Already in 1218, the Guelphs of Lombardy had resuscitated their old league, and had been defeated by the Ghibellines in a battle near Ghibello.
He took precautions, however, against any of the dead or moribund principalities being resuscitated, and punished with merciless severity any attempt to resist or undermine his authority.
It was intended that Russia should take what remained of the northern coast of the Black Sea, Austria should annex the Turkish provinces contiguous to her territory, the Danubian principalities and Bessarabia should be formed into an independent kingdom called Dacia, the Turks should be expelled from Europe, the Byzantine empire should be resuscitated, and the grand-duke Constantine, second son of the Russian heir-apparent, should be placed on the throne of the Palaeologi.
The weak parts of this story are the sudden and unexplained departure of the Simons; the subsequent useless cruelty of treating the child like a wild beast and keeping him in a dark room practically out of sight (unless any doubt of his identity was possible), while his sister was in comparative comfort; the cause of death, declared to be of long standing, but in fact developed with such rapidity; the insufficient excuse provided for the child's muteness under Gomin's regime (he had answered Barras) and the irregularities in the formalities in attending the death and the funeral, when a simple identification of the body by Marie Therese would have prevented any question of resuscitated dauphins.
But in 1840 the Order was resuscitated in Austria, where it now exists as a semi-religious knighthood, closely connected with the Habsburgs.
Patten in 1824; whilst in 1881 Rankine Kennedy resuscitated the idea for the purpose of exhausting filament electric lamps.
Indeed more than six centuries passed before the idea was again resuscitated; and even then it required a group of brilliant Frenchmen to do what the old Dominican had carried out unaided.
The resuscitated republic instantly sent a fresh embassy to the French king, to arrange the terms of his reception in Florence.
It was resuscitated in 1842, and lived another thirteen years.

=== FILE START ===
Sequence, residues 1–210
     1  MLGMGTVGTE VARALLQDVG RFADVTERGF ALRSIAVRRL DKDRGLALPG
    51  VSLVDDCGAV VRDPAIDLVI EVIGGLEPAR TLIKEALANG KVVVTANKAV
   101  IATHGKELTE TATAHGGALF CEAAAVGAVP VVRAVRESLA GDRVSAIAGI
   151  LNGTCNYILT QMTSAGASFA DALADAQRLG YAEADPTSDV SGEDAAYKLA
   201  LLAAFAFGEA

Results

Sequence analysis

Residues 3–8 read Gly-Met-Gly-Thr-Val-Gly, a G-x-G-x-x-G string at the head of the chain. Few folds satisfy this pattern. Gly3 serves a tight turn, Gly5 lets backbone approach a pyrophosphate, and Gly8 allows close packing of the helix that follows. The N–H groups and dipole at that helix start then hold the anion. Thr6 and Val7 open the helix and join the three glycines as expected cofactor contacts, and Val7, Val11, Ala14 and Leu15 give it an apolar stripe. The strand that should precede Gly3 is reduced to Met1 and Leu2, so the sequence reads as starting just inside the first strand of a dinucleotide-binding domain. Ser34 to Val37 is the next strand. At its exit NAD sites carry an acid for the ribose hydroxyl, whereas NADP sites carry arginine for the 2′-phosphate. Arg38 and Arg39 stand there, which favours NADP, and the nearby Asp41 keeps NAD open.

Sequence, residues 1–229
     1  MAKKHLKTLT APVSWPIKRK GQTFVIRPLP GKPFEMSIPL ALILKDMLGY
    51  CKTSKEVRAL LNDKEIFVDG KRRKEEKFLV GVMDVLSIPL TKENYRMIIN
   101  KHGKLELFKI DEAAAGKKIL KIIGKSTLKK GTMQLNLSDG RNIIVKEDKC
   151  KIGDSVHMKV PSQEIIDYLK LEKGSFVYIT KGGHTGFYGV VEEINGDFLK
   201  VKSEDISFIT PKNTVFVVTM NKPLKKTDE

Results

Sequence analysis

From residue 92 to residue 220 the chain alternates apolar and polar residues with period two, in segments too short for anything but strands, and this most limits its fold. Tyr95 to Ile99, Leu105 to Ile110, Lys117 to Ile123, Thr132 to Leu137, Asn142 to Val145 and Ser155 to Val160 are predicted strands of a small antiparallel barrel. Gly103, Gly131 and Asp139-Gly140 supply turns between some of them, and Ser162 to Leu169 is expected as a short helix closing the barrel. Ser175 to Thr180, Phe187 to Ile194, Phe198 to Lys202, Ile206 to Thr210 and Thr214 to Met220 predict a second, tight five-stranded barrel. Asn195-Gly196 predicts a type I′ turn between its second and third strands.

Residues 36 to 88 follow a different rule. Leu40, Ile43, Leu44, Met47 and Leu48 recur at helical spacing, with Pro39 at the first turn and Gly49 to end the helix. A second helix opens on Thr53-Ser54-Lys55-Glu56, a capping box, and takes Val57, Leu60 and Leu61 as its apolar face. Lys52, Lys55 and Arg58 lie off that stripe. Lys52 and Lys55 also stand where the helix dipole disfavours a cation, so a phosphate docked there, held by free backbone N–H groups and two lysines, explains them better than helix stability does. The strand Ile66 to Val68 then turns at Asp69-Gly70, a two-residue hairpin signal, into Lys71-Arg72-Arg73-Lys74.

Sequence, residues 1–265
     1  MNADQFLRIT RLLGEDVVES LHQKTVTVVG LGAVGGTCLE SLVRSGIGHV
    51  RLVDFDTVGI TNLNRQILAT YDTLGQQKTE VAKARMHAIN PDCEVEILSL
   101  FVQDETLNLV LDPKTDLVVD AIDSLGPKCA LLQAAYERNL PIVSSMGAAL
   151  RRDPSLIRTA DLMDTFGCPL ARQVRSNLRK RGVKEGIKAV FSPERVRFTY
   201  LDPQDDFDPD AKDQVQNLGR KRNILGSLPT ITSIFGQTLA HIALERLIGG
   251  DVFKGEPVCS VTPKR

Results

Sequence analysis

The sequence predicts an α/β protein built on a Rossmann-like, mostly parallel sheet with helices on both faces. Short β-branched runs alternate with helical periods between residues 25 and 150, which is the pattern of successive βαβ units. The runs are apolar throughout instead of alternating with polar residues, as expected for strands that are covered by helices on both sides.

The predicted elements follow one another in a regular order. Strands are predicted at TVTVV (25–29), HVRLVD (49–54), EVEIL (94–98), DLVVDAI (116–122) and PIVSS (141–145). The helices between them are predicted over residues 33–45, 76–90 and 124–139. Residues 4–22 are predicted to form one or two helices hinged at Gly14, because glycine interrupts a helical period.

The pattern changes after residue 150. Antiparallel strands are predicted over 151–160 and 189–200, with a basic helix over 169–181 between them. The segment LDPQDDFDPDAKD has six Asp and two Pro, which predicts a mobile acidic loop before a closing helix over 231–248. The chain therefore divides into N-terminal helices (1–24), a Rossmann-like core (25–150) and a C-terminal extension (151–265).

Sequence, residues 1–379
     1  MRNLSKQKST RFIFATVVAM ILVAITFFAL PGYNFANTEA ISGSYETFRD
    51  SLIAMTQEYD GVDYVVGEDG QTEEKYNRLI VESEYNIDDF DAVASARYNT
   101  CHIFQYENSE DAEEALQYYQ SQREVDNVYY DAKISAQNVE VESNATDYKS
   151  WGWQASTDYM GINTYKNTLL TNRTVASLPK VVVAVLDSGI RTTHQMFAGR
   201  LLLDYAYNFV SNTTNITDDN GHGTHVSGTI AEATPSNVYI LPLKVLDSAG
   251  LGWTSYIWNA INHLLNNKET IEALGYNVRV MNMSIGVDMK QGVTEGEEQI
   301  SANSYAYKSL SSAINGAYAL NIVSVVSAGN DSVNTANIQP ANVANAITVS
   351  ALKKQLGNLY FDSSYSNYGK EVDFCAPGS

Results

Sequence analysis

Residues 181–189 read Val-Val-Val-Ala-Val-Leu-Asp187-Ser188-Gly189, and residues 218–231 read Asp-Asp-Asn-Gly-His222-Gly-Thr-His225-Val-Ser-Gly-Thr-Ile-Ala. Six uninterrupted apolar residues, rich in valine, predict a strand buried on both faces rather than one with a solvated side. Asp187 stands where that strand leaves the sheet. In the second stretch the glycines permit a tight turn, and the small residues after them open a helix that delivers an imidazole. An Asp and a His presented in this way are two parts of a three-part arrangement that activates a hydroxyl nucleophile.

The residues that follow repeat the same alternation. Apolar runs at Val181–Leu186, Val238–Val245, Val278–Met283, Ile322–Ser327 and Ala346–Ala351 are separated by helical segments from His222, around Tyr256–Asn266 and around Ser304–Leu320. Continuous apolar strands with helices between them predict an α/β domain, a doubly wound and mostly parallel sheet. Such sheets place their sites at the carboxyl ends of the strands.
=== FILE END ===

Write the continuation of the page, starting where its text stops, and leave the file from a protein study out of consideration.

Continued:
From 25,000 to 30,000 persons take part each year in the resuscitated "leaping-procession" at Echternach; and the annual visitants to the "Holy Mount" at Gorz are estimated at 50,000.
From this point of view the German towns may be divided into two main classes: those that gradually resuscitated on the ruins of former Roman cities in the Rhine and Danube countries, and those that were newly founded at a later date in the interior.'
The Reformation, inspired by the same energy of resuscitated life as the Renaissance, assisted by the same engines of the printing-press and paper, using the same apparatus of scholarship, criticism, literary skill, being in truth another manifestation of the same world-movement under a diverse form, now posed itself as an irreconcilable antagonist to Renaissance Italy.
Trajan resuscitated the Traian and old project of Crassus and Caesar, by which the P4arcus empire of Alexander as far as India was to be won Aure IUS.
He chose his subjects from the national history, and began with the Auto de Gil Vicente, in which he resuscitated the founder of the theatre, and followed this up with other prose plays, among which the Alfageme de Santarem takes the palm; finally he crowned his labours by Frei Luiz de Sousa, a tragedy of fatality and pathos and one 'of the really notable pieces of the century.
Thus the old and true sense of the term emperor - the sense in which it was connected with the church in the present and with Rome in the past - finally perished; and the term became partly an apanage of Bonapartism (Louis Napoleon resuscitated it as Napoleon III.